You should poke diotalevi one of these days on the Chatterbox if you can, who recently didn't get a job as a Perl programmer because he "doesn't have enough Real World" experience. Decided by a person who doesn't even know what CPAN is.

        Maybe it's just me, but IMO diotalevi is a rare talent, who boldly goes in Perl where noone's been before him. I think you could easily compare him to Autrijus, for example.

        So.. what does Perlmonks mean, anyway?

        I wouldn't mind if he blessed a test. Because, if he's been "clueful enough to not bless any particular test" so far, he's likely to only bless tests that meet a high level of reliability.

        It's sort of like when I'm playing Euchre (or any other partner/trick based card game) - I may have a bad hand, but I want my partner to bid something. Not because I'll support them, but because that means they have a good hand. I have no idea what a good test would be, but if Larry said it was a good test, maybe that means it'll be a reliable test of someone's applicability for perl-related work.

        That said, given what is attributed to Larry in perlstyle, I can't imagine him saying that any test was definitive enough to be acceptable. ;-)

      Hehe. Brainbench.

      My work had an account with Brainbench, as we were required to take two tests. A rather large number of people at work failed the tests. Some of them even failed the same test three times or more.

      I was bored, and as I had about 6 weeks before our contract with Brainbench ran out, I just started taking random tests. Now, I will admit, that I failed one test in taking it the first time (Software Business Analysis, which I passed the second time), but either I test rather well, I'm a whole lot smarter than I think I am, or the tests are way too easy. (eg, I passed the certification for CheckPoint FireWall 1, a program which I have never used, and I've spent at most 6 hrs in my whole life looking over someone else's shoulder who was configuring it.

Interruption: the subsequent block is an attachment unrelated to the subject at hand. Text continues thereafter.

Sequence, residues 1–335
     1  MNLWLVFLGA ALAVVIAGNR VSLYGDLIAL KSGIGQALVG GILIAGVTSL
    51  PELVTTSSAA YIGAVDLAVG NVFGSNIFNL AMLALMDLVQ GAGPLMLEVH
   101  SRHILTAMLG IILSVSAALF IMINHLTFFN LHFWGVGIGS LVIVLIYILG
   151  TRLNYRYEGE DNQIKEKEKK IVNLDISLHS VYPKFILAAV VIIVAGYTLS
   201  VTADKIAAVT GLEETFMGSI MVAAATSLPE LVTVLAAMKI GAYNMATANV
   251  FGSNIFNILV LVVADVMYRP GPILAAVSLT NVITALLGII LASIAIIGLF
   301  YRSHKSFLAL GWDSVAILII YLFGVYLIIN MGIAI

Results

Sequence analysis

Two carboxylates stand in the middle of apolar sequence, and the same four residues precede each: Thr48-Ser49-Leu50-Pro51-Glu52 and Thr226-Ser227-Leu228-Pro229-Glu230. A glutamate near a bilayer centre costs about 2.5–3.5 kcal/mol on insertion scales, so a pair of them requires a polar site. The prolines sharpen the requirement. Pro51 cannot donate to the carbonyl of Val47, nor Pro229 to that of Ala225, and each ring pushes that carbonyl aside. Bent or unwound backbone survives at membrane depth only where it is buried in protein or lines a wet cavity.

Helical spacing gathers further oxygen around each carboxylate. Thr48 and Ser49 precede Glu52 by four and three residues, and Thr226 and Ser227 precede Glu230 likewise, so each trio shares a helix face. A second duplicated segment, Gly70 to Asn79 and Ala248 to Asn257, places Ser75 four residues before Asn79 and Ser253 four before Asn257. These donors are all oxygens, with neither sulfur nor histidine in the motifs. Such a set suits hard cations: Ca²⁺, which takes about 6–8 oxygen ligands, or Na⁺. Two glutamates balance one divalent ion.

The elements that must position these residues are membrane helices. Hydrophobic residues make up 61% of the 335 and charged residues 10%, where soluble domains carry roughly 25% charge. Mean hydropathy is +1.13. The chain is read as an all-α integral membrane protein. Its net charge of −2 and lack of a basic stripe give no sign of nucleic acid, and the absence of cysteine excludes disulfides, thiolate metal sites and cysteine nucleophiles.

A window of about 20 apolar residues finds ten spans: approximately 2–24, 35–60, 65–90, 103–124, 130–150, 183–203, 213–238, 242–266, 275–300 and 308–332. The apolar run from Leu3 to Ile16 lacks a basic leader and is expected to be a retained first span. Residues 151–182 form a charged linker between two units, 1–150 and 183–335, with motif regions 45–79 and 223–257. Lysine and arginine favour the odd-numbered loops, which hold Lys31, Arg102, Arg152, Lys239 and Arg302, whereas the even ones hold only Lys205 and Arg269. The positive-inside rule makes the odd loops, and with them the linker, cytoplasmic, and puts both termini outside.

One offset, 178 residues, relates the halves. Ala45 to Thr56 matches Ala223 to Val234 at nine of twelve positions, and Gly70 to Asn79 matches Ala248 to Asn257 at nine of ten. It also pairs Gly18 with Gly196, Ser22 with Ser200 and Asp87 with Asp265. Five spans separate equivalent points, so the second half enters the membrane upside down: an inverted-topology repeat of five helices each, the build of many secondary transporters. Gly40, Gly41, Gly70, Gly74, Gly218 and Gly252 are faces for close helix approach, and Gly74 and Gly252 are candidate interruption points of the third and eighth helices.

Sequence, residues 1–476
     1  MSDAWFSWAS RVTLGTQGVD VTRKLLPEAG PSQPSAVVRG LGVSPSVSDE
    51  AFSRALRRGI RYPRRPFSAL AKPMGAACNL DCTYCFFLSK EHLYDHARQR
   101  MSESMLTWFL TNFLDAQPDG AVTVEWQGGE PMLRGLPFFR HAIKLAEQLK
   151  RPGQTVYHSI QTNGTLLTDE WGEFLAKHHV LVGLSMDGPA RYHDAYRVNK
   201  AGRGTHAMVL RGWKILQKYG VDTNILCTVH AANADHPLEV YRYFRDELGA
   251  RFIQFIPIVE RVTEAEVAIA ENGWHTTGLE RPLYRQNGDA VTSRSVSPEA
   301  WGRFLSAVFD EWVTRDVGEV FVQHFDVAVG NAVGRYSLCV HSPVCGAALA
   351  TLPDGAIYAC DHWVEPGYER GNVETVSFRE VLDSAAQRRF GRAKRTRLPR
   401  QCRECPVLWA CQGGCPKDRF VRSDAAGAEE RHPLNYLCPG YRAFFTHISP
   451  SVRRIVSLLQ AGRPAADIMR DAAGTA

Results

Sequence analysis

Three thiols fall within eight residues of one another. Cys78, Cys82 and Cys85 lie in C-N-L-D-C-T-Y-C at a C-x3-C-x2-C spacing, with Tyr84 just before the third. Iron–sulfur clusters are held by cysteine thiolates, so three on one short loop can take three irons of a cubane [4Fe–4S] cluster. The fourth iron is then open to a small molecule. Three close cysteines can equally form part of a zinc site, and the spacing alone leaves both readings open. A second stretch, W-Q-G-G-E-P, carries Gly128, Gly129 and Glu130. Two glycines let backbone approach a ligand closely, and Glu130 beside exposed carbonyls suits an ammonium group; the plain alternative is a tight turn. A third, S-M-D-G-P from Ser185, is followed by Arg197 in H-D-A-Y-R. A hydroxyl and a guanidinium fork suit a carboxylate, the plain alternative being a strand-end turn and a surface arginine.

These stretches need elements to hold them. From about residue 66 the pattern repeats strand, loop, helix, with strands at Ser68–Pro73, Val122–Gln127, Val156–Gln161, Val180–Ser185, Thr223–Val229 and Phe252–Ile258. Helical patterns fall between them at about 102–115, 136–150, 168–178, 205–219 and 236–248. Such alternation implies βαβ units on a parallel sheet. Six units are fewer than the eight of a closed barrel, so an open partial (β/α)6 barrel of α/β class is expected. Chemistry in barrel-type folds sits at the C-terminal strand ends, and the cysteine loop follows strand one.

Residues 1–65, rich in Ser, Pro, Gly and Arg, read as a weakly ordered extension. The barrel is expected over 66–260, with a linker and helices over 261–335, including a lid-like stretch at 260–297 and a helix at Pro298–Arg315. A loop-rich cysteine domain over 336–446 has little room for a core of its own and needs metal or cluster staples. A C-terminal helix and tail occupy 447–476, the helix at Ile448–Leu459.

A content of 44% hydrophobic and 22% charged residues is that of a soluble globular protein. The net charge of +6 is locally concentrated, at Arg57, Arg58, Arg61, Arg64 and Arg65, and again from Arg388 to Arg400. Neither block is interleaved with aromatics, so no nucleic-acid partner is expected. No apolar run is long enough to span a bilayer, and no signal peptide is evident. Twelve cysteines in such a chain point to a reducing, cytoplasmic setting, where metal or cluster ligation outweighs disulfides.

Other fields, which I've done for years, had some absolutely horrible questions that were irrelevent, or had no good answers. For instance, here was the e-mail that I sent Brainbench after taking the Web Server Administrator test, and only getting a 4.21 on it: (yes, yes, there's a whole lot of typos, but it's accurate as what I sent, and Perl is mentioned twice)

      Oh -- and for the record, I'm Brainbench certified in 29 job roles ... all because I got bored last year. (and I have no idea why 'systems architect' isn't marked as 'job role' like the others)

      So, is there a point here? Well, I'll admit, that I'm for testing, as a form of accredidation, but I think it's a complex system that needs much more than just taking a test. I don't think it should be something that should be in the hands of a company whose main interest is people paying to take the test (like Brainbench, or Princeton Review). I'm interested mainly in licensing, or a union, or guild, or something similar where you can check to see if a person has any substantiated grievences filed against them. (In a way, it's a Better Business Bureau for people, but I'd prefer something more guild-like where they're interested in improving the overall quality of their members, not just tracking who has complaints)

      Update: The Brainbench Perl test involved a whole lot of 'what would this script output' questions, which basically meant copy and pasting it into your shell, or for those times when they decided to present it as an image, it was a test of your typing speed. I'd also wonder how they're qualified to give a test on HTML and 'Web Design for Accessibility' when they don't put alt tags on all images.